An abundance of new content, including full-color images, transcripts, hundreds of LDS Church Nauvoo era documents and more have recently been uploaded to the Joseph Smith Papers website at josephsmithpapers.org.
Most notable among the new content are images and transcripts of Joseph Smith's Bible revision manuscripts for the Old and New Testaments, published for the first time with full-color photographs.
The publication of Joseph Smith’s revision of the Bible is important because it can bring members of The Church of Jesus Christ of Latter-day Saints closer to one of the important revelatory documents of the Restoration, said Kent P. Jackson, professor of ancient scripture at Brigham Young University.
Joseph Smith, founder and prophet of The Church of Jesus Christ of Latter-day Saints, undertook a revision of the Bible from 1830-1833. He dictated the text to six different scribes — Oliver Cowdery, John Whitmer, Emma Smith, Sidney Rigdon, Jesse Gause and Frederick G. Williams. The Prophet and his contemporaries referred to this work as "the New Translation." The term "Joseph Smith Translation" was invented in conjunction with the publication of the English LDS edition of the Bible in 1979, Jackson said.
From Joseph Smith's death until now, Latter-day Saints have had limited access to the manuscripts of his original Bible translation. BYU researchers published all of the writing on the manuscripts in a large book in 2004, followed by an electronic publication on a DVD in 2011, Jackson said.
"But as part of the Joseph Smith Papers project, the transcriptions are now online and accessible to anyone in the world who has a computer and an internet connection," Jackson said. "Anyone can now access high-resolution images side-by-side with the transcriptions. The online presentation in the Joseph Smith Papers is extremely attractive and easy to use."
The transcriptions represent the text as written on the manuscript pages, including the original spellings, punctuation, cross-outs and insertions. Readers can see the variety of spelling and handwriting practices of the scribes. Joseph Smith’s handwriting appears only on a few of the pages, Jackson said.
"Publication as part of the Joseph Smith Papers will hopefully facilitate continuing high-quality research on this important part of the Prophet’s ministry," Jackson said.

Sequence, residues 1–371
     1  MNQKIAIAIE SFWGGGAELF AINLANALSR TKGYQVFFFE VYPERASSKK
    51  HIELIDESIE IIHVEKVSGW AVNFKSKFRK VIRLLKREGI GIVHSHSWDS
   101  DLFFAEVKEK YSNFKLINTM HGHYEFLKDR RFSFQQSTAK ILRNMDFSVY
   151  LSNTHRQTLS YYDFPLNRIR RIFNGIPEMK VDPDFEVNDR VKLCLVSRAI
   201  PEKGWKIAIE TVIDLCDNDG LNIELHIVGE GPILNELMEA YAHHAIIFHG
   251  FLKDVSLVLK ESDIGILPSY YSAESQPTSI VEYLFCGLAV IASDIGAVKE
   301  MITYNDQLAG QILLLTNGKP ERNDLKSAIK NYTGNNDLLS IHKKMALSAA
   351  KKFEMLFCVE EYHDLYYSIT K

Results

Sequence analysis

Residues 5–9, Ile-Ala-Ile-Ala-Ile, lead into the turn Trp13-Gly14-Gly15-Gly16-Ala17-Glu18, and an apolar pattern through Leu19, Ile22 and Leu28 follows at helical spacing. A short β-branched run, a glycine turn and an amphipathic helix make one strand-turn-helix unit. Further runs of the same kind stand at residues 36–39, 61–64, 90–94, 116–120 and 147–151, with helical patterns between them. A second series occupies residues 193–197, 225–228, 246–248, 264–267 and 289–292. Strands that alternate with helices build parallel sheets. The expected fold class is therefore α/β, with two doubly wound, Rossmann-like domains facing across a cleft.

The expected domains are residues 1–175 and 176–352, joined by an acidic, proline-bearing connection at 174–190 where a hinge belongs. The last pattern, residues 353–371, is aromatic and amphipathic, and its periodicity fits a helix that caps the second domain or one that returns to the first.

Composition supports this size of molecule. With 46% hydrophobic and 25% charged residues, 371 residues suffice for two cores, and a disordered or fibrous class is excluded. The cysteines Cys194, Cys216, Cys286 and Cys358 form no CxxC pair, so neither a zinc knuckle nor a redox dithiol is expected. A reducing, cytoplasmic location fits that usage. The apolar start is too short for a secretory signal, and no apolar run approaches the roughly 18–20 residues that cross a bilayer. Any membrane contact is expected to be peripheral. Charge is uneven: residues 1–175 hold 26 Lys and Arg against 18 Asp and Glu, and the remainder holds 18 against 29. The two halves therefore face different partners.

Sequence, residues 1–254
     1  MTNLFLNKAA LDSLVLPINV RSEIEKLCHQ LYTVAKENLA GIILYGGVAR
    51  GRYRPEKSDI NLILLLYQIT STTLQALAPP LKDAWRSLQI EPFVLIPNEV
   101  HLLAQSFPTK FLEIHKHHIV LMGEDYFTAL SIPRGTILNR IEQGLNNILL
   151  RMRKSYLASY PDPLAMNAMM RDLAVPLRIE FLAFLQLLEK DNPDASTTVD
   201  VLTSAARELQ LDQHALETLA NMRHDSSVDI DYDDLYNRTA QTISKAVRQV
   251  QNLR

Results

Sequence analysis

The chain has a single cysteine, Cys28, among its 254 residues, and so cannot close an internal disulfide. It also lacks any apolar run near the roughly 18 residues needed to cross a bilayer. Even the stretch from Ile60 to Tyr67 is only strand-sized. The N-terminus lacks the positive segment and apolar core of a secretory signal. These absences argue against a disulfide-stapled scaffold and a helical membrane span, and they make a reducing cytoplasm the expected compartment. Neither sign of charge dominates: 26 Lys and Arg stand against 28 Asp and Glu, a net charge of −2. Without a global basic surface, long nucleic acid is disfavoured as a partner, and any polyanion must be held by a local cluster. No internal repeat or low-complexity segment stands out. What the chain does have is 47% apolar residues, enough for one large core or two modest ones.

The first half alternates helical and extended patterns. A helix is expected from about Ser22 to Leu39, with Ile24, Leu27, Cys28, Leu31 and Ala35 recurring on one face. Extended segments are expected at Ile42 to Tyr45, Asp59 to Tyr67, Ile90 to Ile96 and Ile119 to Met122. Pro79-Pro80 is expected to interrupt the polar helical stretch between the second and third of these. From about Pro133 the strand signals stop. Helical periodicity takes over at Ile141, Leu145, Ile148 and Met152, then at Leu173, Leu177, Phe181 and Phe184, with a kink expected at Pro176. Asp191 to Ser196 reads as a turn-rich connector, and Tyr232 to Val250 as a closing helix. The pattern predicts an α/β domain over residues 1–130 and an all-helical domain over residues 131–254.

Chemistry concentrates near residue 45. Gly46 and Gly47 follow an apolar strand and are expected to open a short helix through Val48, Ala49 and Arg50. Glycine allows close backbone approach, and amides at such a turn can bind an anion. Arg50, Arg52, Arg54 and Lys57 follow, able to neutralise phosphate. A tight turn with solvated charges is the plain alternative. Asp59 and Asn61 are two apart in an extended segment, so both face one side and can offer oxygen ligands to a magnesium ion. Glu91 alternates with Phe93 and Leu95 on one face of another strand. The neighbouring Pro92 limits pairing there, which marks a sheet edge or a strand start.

Altogether, Joseph Smith made changes in about 3,400 verses, including 1,300 in the Old Testament and 2,100 in the New Testament. The changes in the LDS Bible edition are those that were considered to have the most importance in terms of doctrine and history, Jackson said.
"The publication of the entire New Translation gives us access to all of the Prophet’s changes," Jackson said. "Readers will now see that in addition to doctrinal and historical changes, the Prophet made scores of revisions to simplify and modernize the language of the King James translation to make the Bible more accessible to modern readers."
As with any documentary project, there are places where modern printed texts do not always have the original author’s intended words. This is true with the Joseph Smith Translation manuscripts, which were not accessible for so many decades. Readers on the Joseph Smith Papers website may notice some original wordings that differ from current printed texts, but there won’t be any dramatic surprises, Jackson said.
Other additions to the site as of Oct. 31 include more than 100 documents dating from August to December 1842, including letters, land deeds and Nauvoo City Council resolutions; documents from the Nauvoo Mayor's Court, 1841-1844; a topic article pointing to dozens of documents that relate to the Council of Fifty in Nauvoo and other Joseph Smith documents from 1844; new and updated reference material, including nearly 30 new biographical entries, almost 20 geographical entries, three glossary entries and more than 200 new or updated chronology entries, according to josephsmithpapers.org.
In addition to the new content, the website's "Browse the Papers" page has been upgraded for more mobile-friendly use and improved navigation. Similar improvements have also been made for the "Document Viewer," offering visitors several new features.
Joseph F. Darowski, Joseph Smith Papers web historian, said the Joseph Smith Papers website complements the printed volumes by offering free and instant access to the same printed content as well as additional content not featured in the volumes. Last year, the website served about 283,000 unique visitors from around the globe and recorded more than 1.3 million page views. About 30 percent of website visitors use a mobile device, Darowski said.
"More people use the project website than will ever purchase a print volume," Darowski said. "That is OK with us since our primary mission is to publish the papers digitally and in print for use by scholars, members and others interested in our history."
The next Joseph Smith Papers volume, "Documents, Vol. 5," is scheduled to be available in May 2017. It covers the period from October 1835 through January 1838 and primarily centers on events in Kirtland, Ohio, and Missouri, including the dedication of the Kirtland Temple, the Kirtland Safety Society and growing dissent and apostasy in both Ohio and Missouri, Darowski said.
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